England’s care tragedy

21 Jul 15

The government’s decision to pause the ‘capped cost’ care reforms for four years has probably killed off the policy, and represents a tragic waste of time and money for the care system.

When it came, the news was still a shock. There had been chatter in social care circles for weeks that the ‘capped cost’ reforms to care funding in England were about to be ‘paused’. Yet the announcement that filtered out last Friday in a written ministerial statement still took everyone by surprise: the ‘pause’ is to last not one year, but until April 2020.

The immediate cause is funding. As the full complexity and administrative burden of the reforms has become clear to local authorities over the last 18 months, growing numbers questioned whether the reforms should be a priority as the care system struggles in the face of severe budget pressures and public spending cuts. The voice of councils – the Local Government Association (LGA) – wrote to ministers proposing that the funding allocated to the ‘capped cost’ reforms instead be directed at supporting those in the current, means tested system. This gave ministers vital political cover to suspend implementation and announce a pause.  

In recent weeks, concerns over the cost of the reforms had reached something of a fever pitch. Research from the County Councils Network highlighted the significant market cross-subsidy to councils from self-funders in care homes, which could be unwound by implementation of the ‘capped cost’ measures, leaving local authorities with an unfunded shortfall. And the chancellor’s announcement of a new National Minimum Wage in the summer Budget in a stroke tore up the medium-term financial planning of all local authorities and care providers, in a sector heavily reliant on low-paid workers.

There is now widespread speculation that in April 2020, the ‘capped cost’ reforms will not, in fact, be rebooted as ministers have promised. The real financial pressures bearing down on the care system reflect population ageing and rising demand, consistently flagged by the Office for Budget Responsibility in its annual assessment of the UK’s fiscal sustainability. If the ‘capped cost’ reforms are too expensive to implement in 2016, they will look even more unaffordable in 2020, and there is no indication that the current chancellor is keen to have a public debate about how society pays for its ageing population and new taxes needed to put the care system on a sustainable footing.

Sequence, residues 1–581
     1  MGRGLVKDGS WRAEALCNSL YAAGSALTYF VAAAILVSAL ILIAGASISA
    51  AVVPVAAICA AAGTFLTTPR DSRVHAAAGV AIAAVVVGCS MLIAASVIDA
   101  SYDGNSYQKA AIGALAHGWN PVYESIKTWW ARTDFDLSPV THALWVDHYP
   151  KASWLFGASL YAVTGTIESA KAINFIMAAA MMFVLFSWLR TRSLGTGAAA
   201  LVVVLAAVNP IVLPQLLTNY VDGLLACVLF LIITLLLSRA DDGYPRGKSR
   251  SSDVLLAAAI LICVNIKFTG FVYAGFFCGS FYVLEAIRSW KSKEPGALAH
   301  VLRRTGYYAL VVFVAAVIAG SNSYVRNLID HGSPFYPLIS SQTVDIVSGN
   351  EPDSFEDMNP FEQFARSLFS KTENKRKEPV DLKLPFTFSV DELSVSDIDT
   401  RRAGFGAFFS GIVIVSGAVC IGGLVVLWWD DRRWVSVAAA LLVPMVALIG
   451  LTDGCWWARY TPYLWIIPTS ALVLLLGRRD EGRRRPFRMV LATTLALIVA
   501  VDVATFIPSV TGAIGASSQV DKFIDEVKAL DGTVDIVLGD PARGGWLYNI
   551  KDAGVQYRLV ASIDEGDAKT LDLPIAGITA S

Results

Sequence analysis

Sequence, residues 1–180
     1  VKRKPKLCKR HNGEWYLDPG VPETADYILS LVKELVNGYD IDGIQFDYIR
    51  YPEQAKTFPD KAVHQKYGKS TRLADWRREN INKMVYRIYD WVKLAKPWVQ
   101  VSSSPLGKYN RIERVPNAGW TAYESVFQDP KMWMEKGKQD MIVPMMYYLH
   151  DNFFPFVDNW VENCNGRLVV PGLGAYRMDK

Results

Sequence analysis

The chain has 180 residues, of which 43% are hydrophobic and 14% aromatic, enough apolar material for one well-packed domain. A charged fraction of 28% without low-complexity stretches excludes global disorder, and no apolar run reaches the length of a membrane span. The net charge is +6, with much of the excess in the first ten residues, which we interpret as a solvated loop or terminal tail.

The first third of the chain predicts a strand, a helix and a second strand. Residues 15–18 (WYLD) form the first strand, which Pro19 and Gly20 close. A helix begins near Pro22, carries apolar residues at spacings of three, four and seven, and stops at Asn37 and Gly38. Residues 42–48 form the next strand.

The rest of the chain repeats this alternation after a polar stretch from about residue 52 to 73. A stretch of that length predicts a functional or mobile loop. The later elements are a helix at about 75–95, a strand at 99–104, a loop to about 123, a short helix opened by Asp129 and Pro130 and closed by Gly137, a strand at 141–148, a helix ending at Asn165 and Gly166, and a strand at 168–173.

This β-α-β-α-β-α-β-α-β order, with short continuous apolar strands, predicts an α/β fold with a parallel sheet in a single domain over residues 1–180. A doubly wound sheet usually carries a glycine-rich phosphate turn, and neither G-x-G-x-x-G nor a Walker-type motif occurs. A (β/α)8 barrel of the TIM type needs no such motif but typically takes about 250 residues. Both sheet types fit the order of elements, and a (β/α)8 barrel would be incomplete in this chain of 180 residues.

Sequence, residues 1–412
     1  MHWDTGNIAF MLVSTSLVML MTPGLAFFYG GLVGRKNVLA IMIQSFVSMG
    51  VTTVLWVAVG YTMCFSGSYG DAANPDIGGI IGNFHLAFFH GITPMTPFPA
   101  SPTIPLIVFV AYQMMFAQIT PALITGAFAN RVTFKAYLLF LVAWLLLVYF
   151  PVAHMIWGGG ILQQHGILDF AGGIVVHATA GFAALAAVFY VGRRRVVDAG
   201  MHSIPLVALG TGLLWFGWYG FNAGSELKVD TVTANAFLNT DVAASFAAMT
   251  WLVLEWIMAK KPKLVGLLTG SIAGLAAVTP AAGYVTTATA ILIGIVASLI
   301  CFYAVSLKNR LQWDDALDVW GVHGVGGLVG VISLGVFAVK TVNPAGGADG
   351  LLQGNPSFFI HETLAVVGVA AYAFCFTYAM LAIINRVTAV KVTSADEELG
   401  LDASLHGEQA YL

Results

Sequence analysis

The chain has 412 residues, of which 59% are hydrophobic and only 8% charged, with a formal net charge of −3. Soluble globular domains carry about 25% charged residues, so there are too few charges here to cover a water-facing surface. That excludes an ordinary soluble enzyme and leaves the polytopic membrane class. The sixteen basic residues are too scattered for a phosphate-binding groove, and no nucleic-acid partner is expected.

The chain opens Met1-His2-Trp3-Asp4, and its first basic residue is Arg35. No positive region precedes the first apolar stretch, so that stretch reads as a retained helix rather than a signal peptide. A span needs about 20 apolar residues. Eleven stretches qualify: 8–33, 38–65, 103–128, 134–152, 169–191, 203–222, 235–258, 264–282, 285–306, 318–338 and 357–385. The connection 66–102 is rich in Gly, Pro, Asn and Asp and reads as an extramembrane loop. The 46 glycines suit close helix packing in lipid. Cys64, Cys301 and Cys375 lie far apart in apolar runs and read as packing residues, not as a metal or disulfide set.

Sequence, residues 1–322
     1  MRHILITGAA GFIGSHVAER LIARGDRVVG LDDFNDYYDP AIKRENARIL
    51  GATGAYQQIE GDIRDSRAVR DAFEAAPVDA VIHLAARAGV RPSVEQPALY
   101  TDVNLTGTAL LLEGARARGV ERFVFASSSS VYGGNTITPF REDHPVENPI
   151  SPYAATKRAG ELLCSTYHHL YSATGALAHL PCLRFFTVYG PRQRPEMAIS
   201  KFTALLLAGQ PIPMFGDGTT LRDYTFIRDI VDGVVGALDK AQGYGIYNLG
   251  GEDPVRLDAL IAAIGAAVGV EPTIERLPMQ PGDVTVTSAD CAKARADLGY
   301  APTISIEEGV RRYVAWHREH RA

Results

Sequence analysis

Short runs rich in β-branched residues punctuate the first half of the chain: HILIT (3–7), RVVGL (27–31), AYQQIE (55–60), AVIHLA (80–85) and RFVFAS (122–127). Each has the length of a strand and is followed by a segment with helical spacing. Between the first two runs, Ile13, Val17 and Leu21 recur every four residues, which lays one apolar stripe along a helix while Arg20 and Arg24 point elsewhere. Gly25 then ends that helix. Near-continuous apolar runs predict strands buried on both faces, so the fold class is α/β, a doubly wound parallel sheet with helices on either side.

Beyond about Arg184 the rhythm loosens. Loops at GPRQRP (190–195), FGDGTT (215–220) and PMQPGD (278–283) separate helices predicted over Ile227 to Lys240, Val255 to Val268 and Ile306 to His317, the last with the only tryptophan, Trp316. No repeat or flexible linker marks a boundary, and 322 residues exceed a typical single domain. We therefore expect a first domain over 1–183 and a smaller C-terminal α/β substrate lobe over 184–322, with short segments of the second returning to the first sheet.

In truth, it was always a stretch to think changes to who local authorities help with care costs, focused on helping (relatively) wealthy citizens, would survive at a time of unprecedented austerity in public spending. However, to characterise the U-turn over the reforms as simply being about money would be a mistake.

In his written statement, the minister for social care pointed to other concerns with the ‘capped cost’ reforms:

“A time of consolidation is not the right moment to be implementing expensive new commitments such as this, especially when there are no indications the private insurance market will develop as expected.”

The minister is not just linking the U-turn to the – always apparent – funding pressures on the care system, but is also apportioning some blame to the insurance industry, and its failure to launch care insurance products in response to the funding changes.

In other words, Friday’s announcement is not just about the affordability of the ‘capped cost’ reforms at a time of austerity, but about their design and what they will actually achieve.

Let’s focus on the insurance point. Many experts had warned the Department of Health that the ‘capped cost’ reforms would not result in a pre-funded care insurance market owing to how the changes defined people’s liabilities for funding care, and lots of other barriers to the development of a market – observable in all other developed countries.

In fact, a month after the Dilnot Commission launched its ‘capped cost’ recommendations in July 2011, the Strategic Society Centre published a response to the proposals highlighting that they would not lead to a pre-funded care insurance market. Others – including insurance companies that actually specialise in ‘point of need’ annuities for residential care fees – also made the same point.

So despite the minister’s words about an ‘expected market’, the Department of Health since the summer of 2011 been repeatedly told not to expect such a market to emerge. If the ultimate implementation of the ‘capped cost’ reforms is to be made conditional on such a pre-funded care insurance market developing, the reforms will simply never happen. And it appears the insurance industry is being lined up to take the blame for this.

But concerns with what the reforms would actually achieve extend wider than the issue of private insurance.